What is the difference between a chrysalis, a cocoon and a pupa?

A chrysalis is the pupal casing of butterflies. A butterfly caterpillar pupates into a chrysalis, and an adult butterfly emerges.

A cocoon is the pupal casing made of moths and other insect larvae. A moth caterpillar pupates into a cocoon, and an adult moth emerges.

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Unwanted Animals

Unwanted plants are called weeds, obnoxious plants, or invasive species. What are unwanted animals called?

Unwanted animals are called vermin, pests, strays, parasites, or invasive species when they are considered to be harmful or destructive to people, other animals, plants, or crops.

For example, fleas are often referred to as parasitic, and rats are considered to be vermin because both carry disease.

Human-introduced animals in a region, which become harmful to the native species and the ecosystem, such as the goats on Galapagos Island, are called invasive species.

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How do ungulates clean their hooves?

Ungulates are hoofed animals such as horses, donkeys, zebras, camels, giraffes, and deer. Hooves can be single (such as a horse’s hoof) or cloven (split into two parts). Deer, cattle, sheep, and goats have cloven hooves.

A hoof is the tip of a toe of an ungulate. It is made of keratin, a thick, hard covering. The sole of the hoof is partially rubbery, but hardens near the outer edges. There is also a hard wall formed by the solid nail rolled around the tip of the toe.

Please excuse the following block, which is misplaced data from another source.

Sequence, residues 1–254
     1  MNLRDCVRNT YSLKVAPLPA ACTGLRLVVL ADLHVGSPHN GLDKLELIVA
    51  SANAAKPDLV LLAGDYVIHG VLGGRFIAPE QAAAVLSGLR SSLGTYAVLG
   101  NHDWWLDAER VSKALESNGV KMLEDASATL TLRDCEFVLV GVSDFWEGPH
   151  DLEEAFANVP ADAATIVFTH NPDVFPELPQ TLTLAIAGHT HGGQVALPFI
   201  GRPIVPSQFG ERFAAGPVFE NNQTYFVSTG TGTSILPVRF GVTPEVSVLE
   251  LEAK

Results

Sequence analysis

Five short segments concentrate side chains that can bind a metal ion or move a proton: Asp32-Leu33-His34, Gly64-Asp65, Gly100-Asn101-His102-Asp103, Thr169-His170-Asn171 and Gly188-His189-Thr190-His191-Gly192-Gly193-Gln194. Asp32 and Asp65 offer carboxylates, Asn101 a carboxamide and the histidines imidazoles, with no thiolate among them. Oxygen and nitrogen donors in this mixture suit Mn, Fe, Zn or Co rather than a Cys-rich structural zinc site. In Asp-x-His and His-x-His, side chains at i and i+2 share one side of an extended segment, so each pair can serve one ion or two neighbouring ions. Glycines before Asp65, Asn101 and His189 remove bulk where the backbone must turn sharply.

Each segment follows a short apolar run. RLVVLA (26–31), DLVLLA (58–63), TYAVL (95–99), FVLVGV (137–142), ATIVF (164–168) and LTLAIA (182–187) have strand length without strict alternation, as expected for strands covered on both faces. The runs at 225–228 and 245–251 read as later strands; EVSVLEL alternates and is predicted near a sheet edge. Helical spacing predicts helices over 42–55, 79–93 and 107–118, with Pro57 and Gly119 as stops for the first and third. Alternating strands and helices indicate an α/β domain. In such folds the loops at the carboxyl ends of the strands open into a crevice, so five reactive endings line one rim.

Humans keep animal’s hooves clean and trimmed. In the wild, animals have natural ways of keeping their hooves healthy.

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Animal Ears: do big animals have big ears?

Do big animals have big ears and small animals have small ears? No, animal ears are many sizes and shapes.

Most ears have an outer ear (a pinna, a canal, and an eardrum), a middle ear, and an inner ear.

The pinna is the fleshy part that is visible. It is made of cartilage, not bone, so it is soft. It usually also has an ear lobe. The pinna directs sound through the canal to the eardrum.

The pinna has a muscle that moves the ear. For example, elephants and dogs can move their ears. Animals move their ears in the direction of a sound so that they can hear better.

Not all animals can move their ears because they have weak and non-functioning ear muscles. Animals that cannot move their ears include gorillas and monkeys. Humans cannot move their ears (without touching them).

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Hierarchical Aggression in Baboons

Baboons live in hierarchical groups, called troops, with dominant members, usually males. A troop is 5-250 individuals, with the usual group having about 50 individuals.

The Savannah Baboon, or Yellow Baboon (Papio cynocephalus), from eastern Africa, is an example of a baboon population that lives in a hierarchical social group.

Hierarchical aggression, or dominance hierarchy, in baboons is a form of communication to secure territory, to determine which members eat and drink first, or to determine breeding dominance.